Q: What was Blizzard’s view of the meta game prior to work on The Grand Tournament, and where did you want to take it with this new expansion?
Ben Thompson: We’ve been really excited in all of the expansions and adventures to celebrate some new facet of the game – or even one that shipped with the game in the case of DeathRattle for Curse of Naxxramas – but do so in a way that introduces players to new ways to play with that mechanic.
Mechs with Goblins vs Gnomes introduced a whole new character type and different combinations therein, and now The Grand Tournament with its Inspire keyword and entirely new sets of decks built around your hero are going to really change up current decks, but also allow them to continue to be built in new and interesting ways. We’re really looking forward to The Grand Tournament allowing the hero to take front and centre action on the board instead of kind of feeling like a little bit of punching bag at times if you consider the non-warrior non active classes that can deal damage themselves. This gives them a place in the fight and really gives them an ability to make a palpable difference on the board.
Q: How do you balance something like Inspire mechanic? There’s already rampant speculation online as to which classes will benefit most.
Ben Thompson: When you consider that there’s over 130 new cards in there and that we’ve seen 18-20 at this point, there’s still a lot of cards to come. So, that’s gonna show quite a bit of the breadth of change that Inspire can bring. But every class will benefit in some way, shape or form, just through the way the meta will change. And the tools that it’s gonna give you to deal with current deck types that are out there and seeing a lot of play, and the way it will introduce new ones we haven’t even thought of yet… We’re really excited to see what the community does with this keyword and the kind of decks they can build with it. We’re often surprised and really excited to see they bring up – stuff we didn’t even think of. When you consider we’ve got three or four guys on a balance team on Hearthstone banging away at this every day, there’s just so many permutations that come from that count of cards.
Q: How did you settle on 132 new cards for The Grand Tournament?
Ben Thompson: I’m not sure that it’s ever really discussed in an exacting number. So far I don’t think we’ve released a set, expansion, or adventure yet that has exactly the same number, because what it comes down to is: have we introduced enough tools or enough meta changing cards to really affect gameplay in a positive way – to really give players more deck building options and opportunities for excitement? I think once that number if reached – whatever it is – it’s kind of more of a vibe and feel of the set as a whole thing, not so much a numeric quantity we’re trying to hit.
Q: Are there any cards that you feel are under- or over-powered?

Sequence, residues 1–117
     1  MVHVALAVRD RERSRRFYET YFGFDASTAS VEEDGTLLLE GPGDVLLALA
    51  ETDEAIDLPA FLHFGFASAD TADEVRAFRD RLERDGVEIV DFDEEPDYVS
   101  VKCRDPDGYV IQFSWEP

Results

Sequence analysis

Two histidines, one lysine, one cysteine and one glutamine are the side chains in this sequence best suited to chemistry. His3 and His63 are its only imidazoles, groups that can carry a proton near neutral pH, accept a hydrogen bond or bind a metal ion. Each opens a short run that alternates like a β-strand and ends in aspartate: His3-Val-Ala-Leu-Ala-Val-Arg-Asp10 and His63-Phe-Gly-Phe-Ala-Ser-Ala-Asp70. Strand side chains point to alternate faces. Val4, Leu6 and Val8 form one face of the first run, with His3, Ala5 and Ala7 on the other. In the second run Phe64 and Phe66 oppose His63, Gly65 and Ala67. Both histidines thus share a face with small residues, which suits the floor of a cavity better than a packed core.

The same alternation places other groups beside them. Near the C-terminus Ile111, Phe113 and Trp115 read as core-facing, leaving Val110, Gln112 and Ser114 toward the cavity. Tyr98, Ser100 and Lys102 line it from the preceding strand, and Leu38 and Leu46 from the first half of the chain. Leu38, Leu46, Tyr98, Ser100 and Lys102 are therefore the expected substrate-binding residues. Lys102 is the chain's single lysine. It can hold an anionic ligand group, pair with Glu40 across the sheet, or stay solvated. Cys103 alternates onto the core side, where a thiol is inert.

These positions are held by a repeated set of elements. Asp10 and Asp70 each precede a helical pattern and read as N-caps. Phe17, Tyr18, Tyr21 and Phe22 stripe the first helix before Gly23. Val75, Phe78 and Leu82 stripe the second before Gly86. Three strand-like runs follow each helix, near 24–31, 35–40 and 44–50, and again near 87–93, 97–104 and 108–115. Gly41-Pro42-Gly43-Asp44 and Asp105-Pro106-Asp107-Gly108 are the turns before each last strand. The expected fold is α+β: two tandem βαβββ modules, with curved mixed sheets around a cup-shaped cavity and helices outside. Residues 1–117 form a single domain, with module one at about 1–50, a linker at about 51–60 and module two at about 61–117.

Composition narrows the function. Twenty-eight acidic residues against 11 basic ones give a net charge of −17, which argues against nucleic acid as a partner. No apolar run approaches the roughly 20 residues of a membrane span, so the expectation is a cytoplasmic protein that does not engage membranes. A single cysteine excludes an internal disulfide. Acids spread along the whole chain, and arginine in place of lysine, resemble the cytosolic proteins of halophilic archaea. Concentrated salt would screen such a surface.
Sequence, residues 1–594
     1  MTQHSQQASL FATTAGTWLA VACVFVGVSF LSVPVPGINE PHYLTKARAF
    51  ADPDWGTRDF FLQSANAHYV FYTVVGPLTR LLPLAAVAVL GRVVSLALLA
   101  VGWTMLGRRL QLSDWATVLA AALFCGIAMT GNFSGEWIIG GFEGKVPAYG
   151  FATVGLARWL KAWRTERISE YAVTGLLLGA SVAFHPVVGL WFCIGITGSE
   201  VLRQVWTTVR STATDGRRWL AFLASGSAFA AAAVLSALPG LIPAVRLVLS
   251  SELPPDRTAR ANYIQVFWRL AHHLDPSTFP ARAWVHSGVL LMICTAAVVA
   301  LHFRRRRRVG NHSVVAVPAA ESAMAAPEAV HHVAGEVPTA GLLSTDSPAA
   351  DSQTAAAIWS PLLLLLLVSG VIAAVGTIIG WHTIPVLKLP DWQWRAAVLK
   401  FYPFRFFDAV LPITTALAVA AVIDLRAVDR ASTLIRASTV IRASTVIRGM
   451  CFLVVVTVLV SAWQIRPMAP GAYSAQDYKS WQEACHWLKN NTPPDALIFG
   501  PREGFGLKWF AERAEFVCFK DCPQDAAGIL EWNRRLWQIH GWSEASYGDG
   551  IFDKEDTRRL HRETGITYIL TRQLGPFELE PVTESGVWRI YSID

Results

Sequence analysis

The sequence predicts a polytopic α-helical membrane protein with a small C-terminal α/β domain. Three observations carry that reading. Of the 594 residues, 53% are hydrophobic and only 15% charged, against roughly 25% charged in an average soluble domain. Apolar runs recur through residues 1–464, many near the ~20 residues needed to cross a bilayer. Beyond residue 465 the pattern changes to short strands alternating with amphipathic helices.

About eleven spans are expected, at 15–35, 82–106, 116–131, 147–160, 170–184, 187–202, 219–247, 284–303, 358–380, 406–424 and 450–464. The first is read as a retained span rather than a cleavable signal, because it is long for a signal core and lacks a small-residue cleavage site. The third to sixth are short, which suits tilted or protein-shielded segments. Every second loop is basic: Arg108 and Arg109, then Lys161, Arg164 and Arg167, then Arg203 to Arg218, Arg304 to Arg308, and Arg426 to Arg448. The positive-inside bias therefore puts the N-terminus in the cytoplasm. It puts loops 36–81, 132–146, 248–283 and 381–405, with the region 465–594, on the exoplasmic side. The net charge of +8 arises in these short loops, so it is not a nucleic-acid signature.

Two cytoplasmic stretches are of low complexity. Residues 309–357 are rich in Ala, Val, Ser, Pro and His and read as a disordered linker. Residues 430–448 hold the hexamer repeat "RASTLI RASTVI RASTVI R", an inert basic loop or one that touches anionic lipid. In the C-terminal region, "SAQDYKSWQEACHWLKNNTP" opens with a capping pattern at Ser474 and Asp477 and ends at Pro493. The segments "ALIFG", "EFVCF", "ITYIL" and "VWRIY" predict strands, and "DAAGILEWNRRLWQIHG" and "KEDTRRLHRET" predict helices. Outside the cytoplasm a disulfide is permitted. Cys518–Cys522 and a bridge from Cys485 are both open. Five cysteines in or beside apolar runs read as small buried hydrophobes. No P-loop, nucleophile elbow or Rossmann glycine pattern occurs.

Ben Thompson: I can’t speak to the minds of the balance team or the design team. Everybody has favourite cards in the deck, and everybody has a least favourite. It probably depends which side of the card you were on when you were dealt that killing blow or dealt the blow yourself.
Q: Grand Tournament cards have been used at a few events – how’s the feedback been so far?
Ben Thompson: So far there’s been a lot of excitement. During the announcement with Eric Dodds in Los Angeles a week passed, they had three exhibition matches and finally the match between– I believe it was Amaz and Firebat in the final. Everybody was really excited by what Inspire brought to it. They felt that it really celebrated a lot of the skill and timing, and how players introduced that to their decks and modes of play. What’s really important to consider is that was just a small snippet of cards coming out in The Grand Tournament, so there’s gonna be even more that come after that.
Q: Are new classes a consideration at this point?
Ben Thompson: Not at this point. We really feel strongly that the nine original classes that were introduced at release which mirrored the release of World of Warcraft and the classes found there are more than enough to keep the game exciting and keep people coming back and trying different decks and modes of play. You introduce a new card or a keyword and that changes the meta as much as it does, so introducing a new class would really turn the game on its head.
Q: Why is there no actual tournament mode in The Grand Tournament?
Ben Thompson: The community has been an awesome and very vocal as to what they like and wanna see in the game. We’re working with them as much as possible to find out what excites people. At the same time, you have to consider too that on top of The Grand Tournament coming out, we have been introducing new heroes and all sorts of different stuff into the mix. So, for a team that’s not as small as it was when Hearthstone originally shipped, we’re still relatively small considering how much content we are trying to keep up with, and keep the player base playing in as many ways as possible.
Q: What’s developing the expansion been like for you and the art team?